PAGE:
You can, however, peel off the advice to find the feedback within. The old fella who goes up to the young kid and says “you should never wear jeans on stage,” might be dismissed by a hip-to-the-times performer. The judgement is out of touch, but the feedback is a still a valid audience experience. Get past the bruised ego of it and listen for the nugget of truth. They are saying, in their opinion, your costume was not appropriate attire.

Okay, well, file it away. If it was a one-off remark, maybe it’s no big deal, but if it comes up again there might be something to it. Perhaps you need to look closer at how your costume is suited to the venue in which you’re performing.

Feedback is a golden opportunity to understand the impact you are having on the audience. It would be foolish to ignore the data, however it’s presented.

Don’t listen to advice, but seek out feedback.

I would be remiss to not include one final option when it comes to sharing your feedback, and advice, with your fellow magicians…

Just don’t.

You don’t need to say anything at all.

There are really only three situations in which your opinion is a helpful contribution.

One, you have a personal relationship with the performer, and regularly collaborate.

Two, you have been directly asked to share your opinion.

Three, you are in a learning environment where the purpose is to share feedback.

Actually, I guess that’s really only two situations, because participating in a learning environment implies that you have been asked to share your opinion.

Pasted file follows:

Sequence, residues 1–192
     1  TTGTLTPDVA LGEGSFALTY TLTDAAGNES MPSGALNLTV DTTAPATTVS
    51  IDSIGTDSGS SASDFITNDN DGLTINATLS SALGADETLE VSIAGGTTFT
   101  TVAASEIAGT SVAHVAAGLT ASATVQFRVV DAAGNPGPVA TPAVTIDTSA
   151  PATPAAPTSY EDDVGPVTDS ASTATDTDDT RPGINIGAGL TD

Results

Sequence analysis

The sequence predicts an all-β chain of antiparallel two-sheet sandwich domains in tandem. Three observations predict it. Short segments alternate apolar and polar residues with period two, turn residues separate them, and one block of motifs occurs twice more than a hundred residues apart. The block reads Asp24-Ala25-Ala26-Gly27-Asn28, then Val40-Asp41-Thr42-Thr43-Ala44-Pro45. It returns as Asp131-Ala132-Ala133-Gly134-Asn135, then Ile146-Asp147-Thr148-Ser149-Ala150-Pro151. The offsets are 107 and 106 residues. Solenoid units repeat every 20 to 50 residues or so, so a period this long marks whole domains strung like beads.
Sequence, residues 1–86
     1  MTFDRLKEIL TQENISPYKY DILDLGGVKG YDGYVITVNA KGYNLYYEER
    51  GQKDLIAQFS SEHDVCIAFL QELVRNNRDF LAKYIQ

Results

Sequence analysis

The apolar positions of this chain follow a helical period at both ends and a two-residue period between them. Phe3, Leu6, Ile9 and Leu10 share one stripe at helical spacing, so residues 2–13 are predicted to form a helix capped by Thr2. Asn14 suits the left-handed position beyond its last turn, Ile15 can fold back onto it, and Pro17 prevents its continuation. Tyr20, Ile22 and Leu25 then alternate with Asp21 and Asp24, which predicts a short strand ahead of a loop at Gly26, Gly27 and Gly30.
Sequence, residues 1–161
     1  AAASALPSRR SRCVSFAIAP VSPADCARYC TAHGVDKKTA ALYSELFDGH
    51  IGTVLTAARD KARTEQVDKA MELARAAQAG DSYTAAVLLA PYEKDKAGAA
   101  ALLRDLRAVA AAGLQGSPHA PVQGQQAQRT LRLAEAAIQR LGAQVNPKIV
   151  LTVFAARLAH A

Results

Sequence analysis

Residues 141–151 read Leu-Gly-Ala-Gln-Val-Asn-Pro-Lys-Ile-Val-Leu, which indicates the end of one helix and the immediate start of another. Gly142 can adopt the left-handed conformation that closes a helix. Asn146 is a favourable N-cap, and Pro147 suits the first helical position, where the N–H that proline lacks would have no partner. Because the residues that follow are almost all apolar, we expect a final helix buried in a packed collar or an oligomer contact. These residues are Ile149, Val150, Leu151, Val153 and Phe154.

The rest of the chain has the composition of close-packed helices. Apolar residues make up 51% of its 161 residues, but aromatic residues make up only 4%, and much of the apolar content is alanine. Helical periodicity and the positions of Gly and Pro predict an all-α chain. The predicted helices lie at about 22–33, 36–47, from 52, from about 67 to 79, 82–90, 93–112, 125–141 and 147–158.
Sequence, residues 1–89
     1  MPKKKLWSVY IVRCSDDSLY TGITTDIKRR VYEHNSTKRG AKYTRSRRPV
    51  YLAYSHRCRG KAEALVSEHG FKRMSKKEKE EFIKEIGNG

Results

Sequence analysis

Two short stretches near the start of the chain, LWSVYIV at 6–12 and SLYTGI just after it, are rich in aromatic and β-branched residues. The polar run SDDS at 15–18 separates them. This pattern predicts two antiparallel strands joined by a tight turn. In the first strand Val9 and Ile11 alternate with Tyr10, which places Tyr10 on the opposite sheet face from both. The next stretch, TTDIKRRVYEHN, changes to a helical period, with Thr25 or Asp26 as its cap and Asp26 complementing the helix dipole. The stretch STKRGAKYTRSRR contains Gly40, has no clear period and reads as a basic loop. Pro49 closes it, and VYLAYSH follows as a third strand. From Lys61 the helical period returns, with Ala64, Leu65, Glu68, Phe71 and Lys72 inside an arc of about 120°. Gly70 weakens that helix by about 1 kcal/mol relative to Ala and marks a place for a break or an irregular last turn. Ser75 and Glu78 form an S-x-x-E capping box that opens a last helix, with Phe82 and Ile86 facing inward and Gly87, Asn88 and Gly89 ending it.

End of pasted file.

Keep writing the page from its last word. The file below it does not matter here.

Okay, so there’s two situations when your opinion…

Actually… it’s really only one situation, because a collaborative relationship implies you have been invited to share your opinion.

So, really, there’s only one situation in which your opinion is a helpful contribution:

One, when you have been directly asked to share your opinion.

If not, it’s perfectly okay to walk past a performer and simply say “hey, thanks for the show!”

And thank you for listening to my show!

I extend an open invitation to anyone in the magic community, young and old, beginner and veteran, to share their personal feedback with me. Whether it be regarding my podcast, my videos, my weekly Tips & Tricks for Magicians newsletter…

Wait what? Ryan?!? You have a weekly free newsletter packed full of Tips & Tricks for Magicians? Why yes, yes I do!

And you should certainly read it so you can send me your feedback. Without that I have no idea if I’m able to connect with people, inspire action, or if I’m being misunderstood. I know it’s not easy to give negative feedback, not easy to hear it either, but it is critically important to growing as a magician. I promise I will thank you for it.

You can connect with me at www.MagicTipsAndTricks.com

And remember, don’t do anything I wouldn’t do!

Published: June 27, 2023

Access: Public